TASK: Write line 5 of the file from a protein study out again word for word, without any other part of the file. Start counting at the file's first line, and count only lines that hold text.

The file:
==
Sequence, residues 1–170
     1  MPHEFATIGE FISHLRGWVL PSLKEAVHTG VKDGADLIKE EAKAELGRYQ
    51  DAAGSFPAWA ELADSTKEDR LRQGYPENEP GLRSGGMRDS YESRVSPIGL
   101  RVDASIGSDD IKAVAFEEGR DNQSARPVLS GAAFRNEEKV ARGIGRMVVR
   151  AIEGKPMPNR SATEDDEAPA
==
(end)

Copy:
   151  AIEGKPMPNR SATEDDEAPA